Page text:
Jamie Oliver and the culture war against the working class

The mockney millionaire – like most woke activists – is repulsed by the tastes of ordinary people.

Joanna Williams

Joanna Williams
Columnist

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Topics Politics UK

Jamie Oliver is outraged that supermarkets can continue to promote ‘buy one, get one free’ deals on food. In fact, the government’s about-turn on its anti-obesity strategy has so angered the podgy chef that last week he marched on Downing Street in protest. In what must surely have been the most middle-class demonstration ever, people carried placards stating ‘Slow down fast food’ and ‘Give peas a chance’. Oliver led the crowd, holding aloft a big bowl of Eton Mess dessert. Because Boris Johnson and a couple of other cabinet ministers went to posh schools and they’ve messed up, geddit?

At first glance, the Eton Mess gag made it look as if the celebrity chef was having a pop at out-of-touch Tories. But don’t be fooled. As Oliver’s Guardian article begging us to think of the fat-but-poor children reveals, the mockney millionaire’s real target is not posh people at all, but those of us who start our weekly shop by looking to see what’s on special offer, not what’s currently in season. Oliver expresses pity for the deluded masses, too foolish to realise that ‘multi-buys are carefully designed to make people spend more money not less’. But pity is only ever one small step away from contempt. As we’ve long since known, it’s the Turkey Twizzler-eating hordes that truly disgust Oliver. He is cross with the government for not forcing ordinary people to change their ways.

A quick flick through one of his cookbooks is enough to make clear that it is the people who consume cheap food, rather than the cheap food itself, that gets Oliver riled up. Chicken giblets and scrawny turkey neck bones are absolutely fine when lightly roasted and mashed into wine and shallots to make gravy, but they are appalling when covered in breadcrumbs and shaped into nuggets. It’s the exact same food, with the exact same nutritional content. So what’s the difference? Chicken nuggets are cheap to buy, quick to cook and easy to eat. They’re immediately satisfying in a way that a plate of raw veg can never be. But thanks to Oliver and other culture warriors, whether you opt for a red wine jus with your free-range, organic roast chicken, or nine of McDonald’s finest, is not simply a matter of personal preference but a major political statement.

Food has long been a focal point in the culture wars. These disputes over competing lifestyles may seem petty – a distraction from real politics – but they have become a key feature of political debate. For several decades now, commentators have interpreted class tensions and social inequalities through the lens of culture. With identity increasingly to the fore in public life, cultural differences rapidly become personal. Decisions about what to eat, read, watch, wear and buy are judged not as personal choices, or decisions taken in a particular context, but as political statements that reveal a person’s moral character.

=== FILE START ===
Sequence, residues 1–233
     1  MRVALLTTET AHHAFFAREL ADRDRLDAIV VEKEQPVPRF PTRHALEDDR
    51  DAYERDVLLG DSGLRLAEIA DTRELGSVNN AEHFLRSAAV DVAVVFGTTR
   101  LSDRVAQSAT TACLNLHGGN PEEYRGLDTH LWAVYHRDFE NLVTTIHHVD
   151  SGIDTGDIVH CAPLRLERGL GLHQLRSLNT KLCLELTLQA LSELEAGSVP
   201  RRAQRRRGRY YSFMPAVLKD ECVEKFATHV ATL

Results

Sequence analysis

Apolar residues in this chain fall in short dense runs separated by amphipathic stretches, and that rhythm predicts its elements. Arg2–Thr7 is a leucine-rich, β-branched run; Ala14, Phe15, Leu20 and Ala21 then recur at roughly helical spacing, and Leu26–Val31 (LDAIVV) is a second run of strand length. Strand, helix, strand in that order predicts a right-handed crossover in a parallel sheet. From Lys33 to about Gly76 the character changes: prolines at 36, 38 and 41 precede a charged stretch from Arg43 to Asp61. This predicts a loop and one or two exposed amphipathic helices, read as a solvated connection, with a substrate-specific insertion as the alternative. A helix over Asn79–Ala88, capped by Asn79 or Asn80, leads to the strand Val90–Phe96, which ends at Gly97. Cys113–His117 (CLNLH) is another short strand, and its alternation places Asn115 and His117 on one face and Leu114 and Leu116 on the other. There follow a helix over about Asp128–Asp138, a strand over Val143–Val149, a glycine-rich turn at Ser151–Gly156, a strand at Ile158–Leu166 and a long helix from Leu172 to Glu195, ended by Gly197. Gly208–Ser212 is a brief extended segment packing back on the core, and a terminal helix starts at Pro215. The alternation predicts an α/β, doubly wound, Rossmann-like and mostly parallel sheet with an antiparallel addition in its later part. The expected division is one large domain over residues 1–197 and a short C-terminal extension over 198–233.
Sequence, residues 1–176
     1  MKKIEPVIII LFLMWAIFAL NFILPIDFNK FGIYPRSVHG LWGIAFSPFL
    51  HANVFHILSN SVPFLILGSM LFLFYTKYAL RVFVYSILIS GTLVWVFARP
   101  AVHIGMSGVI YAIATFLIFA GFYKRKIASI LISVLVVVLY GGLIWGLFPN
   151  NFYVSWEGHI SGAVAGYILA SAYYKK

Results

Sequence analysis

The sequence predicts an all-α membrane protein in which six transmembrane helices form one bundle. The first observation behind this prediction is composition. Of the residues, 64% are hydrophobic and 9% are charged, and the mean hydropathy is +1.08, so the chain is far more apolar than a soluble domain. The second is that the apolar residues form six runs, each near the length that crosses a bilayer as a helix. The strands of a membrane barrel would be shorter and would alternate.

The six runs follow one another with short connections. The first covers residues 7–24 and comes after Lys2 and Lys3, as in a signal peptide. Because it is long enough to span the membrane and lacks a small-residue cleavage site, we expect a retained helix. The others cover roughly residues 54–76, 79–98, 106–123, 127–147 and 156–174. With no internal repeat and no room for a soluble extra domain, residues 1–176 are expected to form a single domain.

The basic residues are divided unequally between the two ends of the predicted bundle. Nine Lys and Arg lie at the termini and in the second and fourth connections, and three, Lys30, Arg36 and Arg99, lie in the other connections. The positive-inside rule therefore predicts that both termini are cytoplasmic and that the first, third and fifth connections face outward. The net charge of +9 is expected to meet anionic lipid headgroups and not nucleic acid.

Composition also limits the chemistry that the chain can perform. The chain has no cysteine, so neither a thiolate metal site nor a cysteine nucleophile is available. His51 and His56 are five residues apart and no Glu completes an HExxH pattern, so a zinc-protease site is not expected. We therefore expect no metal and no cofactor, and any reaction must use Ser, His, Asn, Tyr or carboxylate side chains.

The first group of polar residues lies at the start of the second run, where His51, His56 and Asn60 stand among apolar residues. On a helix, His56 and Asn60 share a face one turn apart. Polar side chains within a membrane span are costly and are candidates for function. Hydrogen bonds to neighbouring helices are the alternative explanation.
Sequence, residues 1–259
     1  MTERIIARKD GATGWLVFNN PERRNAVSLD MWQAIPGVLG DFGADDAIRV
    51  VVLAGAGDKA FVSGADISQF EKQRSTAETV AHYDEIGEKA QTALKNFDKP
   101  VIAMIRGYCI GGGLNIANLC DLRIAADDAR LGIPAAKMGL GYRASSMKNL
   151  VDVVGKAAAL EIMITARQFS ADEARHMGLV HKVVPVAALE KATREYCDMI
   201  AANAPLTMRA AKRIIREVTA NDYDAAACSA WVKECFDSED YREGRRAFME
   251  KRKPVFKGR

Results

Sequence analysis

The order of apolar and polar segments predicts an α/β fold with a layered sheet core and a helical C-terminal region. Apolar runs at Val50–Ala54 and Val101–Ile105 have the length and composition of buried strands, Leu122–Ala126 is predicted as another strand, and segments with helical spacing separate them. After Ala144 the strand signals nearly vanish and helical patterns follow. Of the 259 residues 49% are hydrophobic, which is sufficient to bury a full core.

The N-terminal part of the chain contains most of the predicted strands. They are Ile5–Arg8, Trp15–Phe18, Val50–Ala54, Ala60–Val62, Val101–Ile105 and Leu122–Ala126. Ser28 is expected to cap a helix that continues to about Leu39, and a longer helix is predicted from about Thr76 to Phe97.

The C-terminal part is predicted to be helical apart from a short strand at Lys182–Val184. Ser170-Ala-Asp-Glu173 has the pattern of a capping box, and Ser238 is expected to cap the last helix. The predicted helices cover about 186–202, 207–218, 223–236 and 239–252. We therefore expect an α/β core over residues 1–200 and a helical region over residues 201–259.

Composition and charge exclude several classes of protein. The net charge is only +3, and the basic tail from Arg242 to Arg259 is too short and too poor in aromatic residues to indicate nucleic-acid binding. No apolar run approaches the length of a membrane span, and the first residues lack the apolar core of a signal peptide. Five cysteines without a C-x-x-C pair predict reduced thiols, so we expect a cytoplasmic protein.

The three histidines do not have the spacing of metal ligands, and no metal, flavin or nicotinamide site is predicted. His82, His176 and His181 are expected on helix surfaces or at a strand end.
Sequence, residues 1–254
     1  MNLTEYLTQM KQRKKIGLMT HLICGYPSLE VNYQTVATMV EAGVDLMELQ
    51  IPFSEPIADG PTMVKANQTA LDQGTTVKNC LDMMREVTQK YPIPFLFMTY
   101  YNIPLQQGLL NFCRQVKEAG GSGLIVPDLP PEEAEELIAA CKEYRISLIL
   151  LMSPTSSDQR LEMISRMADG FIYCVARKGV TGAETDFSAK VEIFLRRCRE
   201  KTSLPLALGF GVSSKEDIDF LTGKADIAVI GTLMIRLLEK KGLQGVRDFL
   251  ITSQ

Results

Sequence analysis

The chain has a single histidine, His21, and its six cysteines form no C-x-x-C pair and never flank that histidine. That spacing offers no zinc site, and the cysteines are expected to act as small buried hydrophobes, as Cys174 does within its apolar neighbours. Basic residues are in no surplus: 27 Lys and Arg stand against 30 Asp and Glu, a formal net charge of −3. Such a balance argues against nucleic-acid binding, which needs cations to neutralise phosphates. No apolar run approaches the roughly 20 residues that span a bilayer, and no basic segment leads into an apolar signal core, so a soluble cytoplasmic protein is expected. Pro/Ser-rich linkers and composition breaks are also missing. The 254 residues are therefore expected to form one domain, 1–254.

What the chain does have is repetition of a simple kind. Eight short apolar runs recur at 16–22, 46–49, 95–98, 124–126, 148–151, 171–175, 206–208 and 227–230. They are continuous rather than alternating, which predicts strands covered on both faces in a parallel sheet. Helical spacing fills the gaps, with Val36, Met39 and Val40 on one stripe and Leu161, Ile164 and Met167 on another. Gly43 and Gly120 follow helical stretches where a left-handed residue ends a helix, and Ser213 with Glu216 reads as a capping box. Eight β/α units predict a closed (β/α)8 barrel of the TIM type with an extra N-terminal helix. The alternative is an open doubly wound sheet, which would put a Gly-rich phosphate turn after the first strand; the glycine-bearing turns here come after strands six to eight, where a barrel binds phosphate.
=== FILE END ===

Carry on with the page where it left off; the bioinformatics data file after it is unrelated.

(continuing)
The solidly middle-class Oliver is ideally positioned to tilt at both the posh public-school culture of Boris and his chums and at the tastes and dispositions of the working class. In appearing to criticise the Tories, while expressing pity for the poor, he perfectly taps into the vibe of today’s cultural elite. This is a shtick Oliver has long been practising. Almost as soon as he burst on to the scene in 1999 with his TV series, The Naked Chef, he became an activist, hectoring parents about school dinners while berating government ministers about obesity. Oliver’s combination of campaigning and cooking takes personal decisions about what we eat and puts them squarely in the realm of politics. He has helped make food a key part of the culture war.

Now, with spiralling inflation leading to an escalating cost-of-living crisis, there are some on the left who think the time has come to shake off the culture wars and get back to real politics. They argue that a focus on values, identity and lifestyle is a right-wing ploy to distract people from proper economic issues. The more we talk about flags and statues, the argument goes, the less likely we are to notice the huge profits made by energy companies, or the chancellor of the exchequer’s fabulous personal wealth.

But these activists only tend to notice the ‘distraction’ of the culture wars when it is their side that is being called into question. Indeed, they are the ones who made statues and flags contentious issues in the first place. Wishing the culture wars away ignores the fact that such disputes are how class politics plays out nowadays. And whether they realise it or not, many left-wing activists are on the opposite side to ordinary people in this new fight. Those who have spent decades waging a culture war against working-class people, expressing horror at what they say, think and eat, are in no position to empower working-class people.

There is no way of simply bypassing the culture wars now. This is the terrain on which today’s political and class battles are being fought. So the culture wars must be fought – and they must be won.

Joanna Williams is a spiked columnist and author of the upcoming book, How Woke Won, which you can pre-order here.

Picture by: Getty.

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